With CEDIA 2016 now over, those of us in the media are left to try and uncover the underlying themes in order to help our readers wrap their heads around just what this particular CEDIA (formerly referred to as the Expo) was all about. But this show is big enough that no one member of the media can possibly visit all booths, talk to all exhibitor executives, and experience all new models. So each of us have our own version of the themes of the show.
Read more below, to see our take on CEDIA 2016…
During our time at the show in Dallas, our impression was that attendance was strong – or at least it appeared that way. We took several photos of clogged aisles, sometimes so clogged that it was difficult to even enter certain booths. Most of the exhibitors, in our annual and wholly unscientific survey, gave attendance a thumbs up this year in contrast to last year. However, we did hear several complaints about the dramatic drop-off in attendance on Day Three (Saturday).
This was the first CEDIA show after a full year of guidance by new CEDIA CEO Vin Bruno. Bruno faced some strong headwinds in trying to pull off a vibrant and growing show – most notably, in February, his former employer…Crestron…announced it would pull out of the event this year. The biggest exhibitor with the largest booth – this had to be a blow to the organization. Eventually, Crestron came back in to the show, but only as a co-exhibitor in the Amazon Alexa booth, which was far smaller than where Creston has shown in the past.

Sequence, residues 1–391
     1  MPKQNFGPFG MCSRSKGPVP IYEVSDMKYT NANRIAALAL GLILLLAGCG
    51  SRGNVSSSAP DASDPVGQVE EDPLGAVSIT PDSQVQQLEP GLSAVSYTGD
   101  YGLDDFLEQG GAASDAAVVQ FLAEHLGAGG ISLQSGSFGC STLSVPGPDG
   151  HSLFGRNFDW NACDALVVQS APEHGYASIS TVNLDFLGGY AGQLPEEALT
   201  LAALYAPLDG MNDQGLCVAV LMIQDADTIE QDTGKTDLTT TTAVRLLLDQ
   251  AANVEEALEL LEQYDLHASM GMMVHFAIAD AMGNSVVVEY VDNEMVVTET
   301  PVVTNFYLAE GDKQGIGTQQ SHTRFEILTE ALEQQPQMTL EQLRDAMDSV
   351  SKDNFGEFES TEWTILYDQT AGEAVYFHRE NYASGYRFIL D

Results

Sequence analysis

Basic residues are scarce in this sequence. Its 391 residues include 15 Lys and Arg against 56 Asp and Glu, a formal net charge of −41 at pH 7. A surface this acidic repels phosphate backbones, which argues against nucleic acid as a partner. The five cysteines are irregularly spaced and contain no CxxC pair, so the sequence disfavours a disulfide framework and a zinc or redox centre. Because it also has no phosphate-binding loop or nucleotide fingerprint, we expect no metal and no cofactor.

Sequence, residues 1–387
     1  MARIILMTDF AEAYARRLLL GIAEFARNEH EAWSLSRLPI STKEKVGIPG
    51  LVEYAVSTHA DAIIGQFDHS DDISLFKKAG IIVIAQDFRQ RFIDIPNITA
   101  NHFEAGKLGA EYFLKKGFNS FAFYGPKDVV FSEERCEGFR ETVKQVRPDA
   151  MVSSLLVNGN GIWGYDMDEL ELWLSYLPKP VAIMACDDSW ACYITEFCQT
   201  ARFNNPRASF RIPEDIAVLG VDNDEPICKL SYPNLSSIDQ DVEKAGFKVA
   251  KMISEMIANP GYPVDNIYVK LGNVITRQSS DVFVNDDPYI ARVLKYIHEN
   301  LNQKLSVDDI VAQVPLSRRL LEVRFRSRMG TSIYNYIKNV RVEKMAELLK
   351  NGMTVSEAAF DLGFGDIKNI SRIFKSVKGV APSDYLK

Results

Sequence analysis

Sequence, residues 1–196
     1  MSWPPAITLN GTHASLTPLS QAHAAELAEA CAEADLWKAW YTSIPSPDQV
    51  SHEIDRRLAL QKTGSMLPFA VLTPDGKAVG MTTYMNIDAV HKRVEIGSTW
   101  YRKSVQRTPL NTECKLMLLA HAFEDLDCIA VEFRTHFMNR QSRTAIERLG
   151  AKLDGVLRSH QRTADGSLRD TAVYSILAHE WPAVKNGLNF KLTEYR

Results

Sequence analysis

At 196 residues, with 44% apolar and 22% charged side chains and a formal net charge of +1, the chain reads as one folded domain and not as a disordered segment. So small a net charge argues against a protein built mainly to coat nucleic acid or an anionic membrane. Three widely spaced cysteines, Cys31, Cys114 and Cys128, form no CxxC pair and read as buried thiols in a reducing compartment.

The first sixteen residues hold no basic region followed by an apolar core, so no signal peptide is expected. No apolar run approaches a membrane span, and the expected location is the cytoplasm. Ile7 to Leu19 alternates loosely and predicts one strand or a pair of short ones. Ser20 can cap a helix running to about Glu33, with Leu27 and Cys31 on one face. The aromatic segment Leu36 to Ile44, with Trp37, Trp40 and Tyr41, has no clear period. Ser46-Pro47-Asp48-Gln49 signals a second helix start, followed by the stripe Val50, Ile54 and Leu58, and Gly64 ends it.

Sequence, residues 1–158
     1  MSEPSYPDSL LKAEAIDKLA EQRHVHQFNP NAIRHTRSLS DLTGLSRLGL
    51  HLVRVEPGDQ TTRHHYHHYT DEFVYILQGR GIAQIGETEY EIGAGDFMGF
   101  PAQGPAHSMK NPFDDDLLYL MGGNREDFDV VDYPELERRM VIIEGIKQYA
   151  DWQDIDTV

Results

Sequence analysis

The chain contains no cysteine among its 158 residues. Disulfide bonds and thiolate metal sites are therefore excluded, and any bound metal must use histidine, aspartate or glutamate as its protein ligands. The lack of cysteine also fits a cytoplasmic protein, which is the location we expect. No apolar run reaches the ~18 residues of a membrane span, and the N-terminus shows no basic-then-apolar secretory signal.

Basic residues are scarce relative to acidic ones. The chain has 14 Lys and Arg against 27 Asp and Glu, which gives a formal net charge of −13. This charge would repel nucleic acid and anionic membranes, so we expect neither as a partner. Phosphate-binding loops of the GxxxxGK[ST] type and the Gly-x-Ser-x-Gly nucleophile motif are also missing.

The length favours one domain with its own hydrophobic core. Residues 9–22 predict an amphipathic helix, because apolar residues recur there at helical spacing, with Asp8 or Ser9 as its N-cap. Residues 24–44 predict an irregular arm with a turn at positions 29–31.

CEDIA announced attendance of 18,750 at the show this year – flat as compared to the 18,700 last year. While this is likely to be a disappointment to exhibitors, there could be a bright side to it. Considering the dramatically reduced Crestron presence, as well as the potentially diminishing effect their announcement may have had on overall attendance, the fact that attendance was flat is likely looked upon as a win by show management. We’ll do a deeper analysis on attendance in a separate post.
7 Top Trends from CEDIA 2016
In any event, we will present our thoughts on the trends from the show this year – delivered David Letterman style in reverse order:
7. Video presence – and Video Screen Size – is Growing
In the dark days following the financial crisis in 2007-2008, we saw the major video brands exit the CEDIA Expo show floor. This fact frustrated many integrators, as video is such an important part of any system. Ironically, other shows – such as InfoComm, for example – seemed to be able to retain these major players.
But video is back and not just in front projectors and screens, but in flat panel TVs as well. Not only that, but the major brands even had announcements that are meaningful for the custom integration audience. First, we noted that both Sony and LG announced huge flat panel TVs – 100″ and 77″ respectively. Both looked good, but LG’s 77″ OLED bore a stunningly colorful and detailed image.
Sony also announced a new front projector (“true” 4K…not “faux K”), a new line of ES AV receivers, and – perhaps most importantly – a new 4K Ultra HD Blu-ray player. This new Blu-ray player will be available in March 2017…with pricing yet to be determined.
6. 4K Here, 4K There, 4K Everywhere
Perhaps, in part because of this increased video presence, further proliferation of 4K was huge at this show. Just about every video provider was talking 4K including Sony, JVC, LG, Epson, Digital Projection, Sim2 and others. And that doesn’t even count a veritable plethora of associated Ultra HD products such as 4K switchers, cables, etc.
More and more, the industry continues to deepen its embrace of the new 4K Ultra HD standard.
5. Software Solutions Abound
There is an expanding universe of software solutions for integrators. Many are similar is scope and target, but they have all apparently carved out a share of the market – although how large that share is is debatable.
Software has been a part of the custom integration channel for some time. Companies like Simply Reliable Software, D-Tools and others help integrators plan and print out an attractive proposals and plans for potential clients.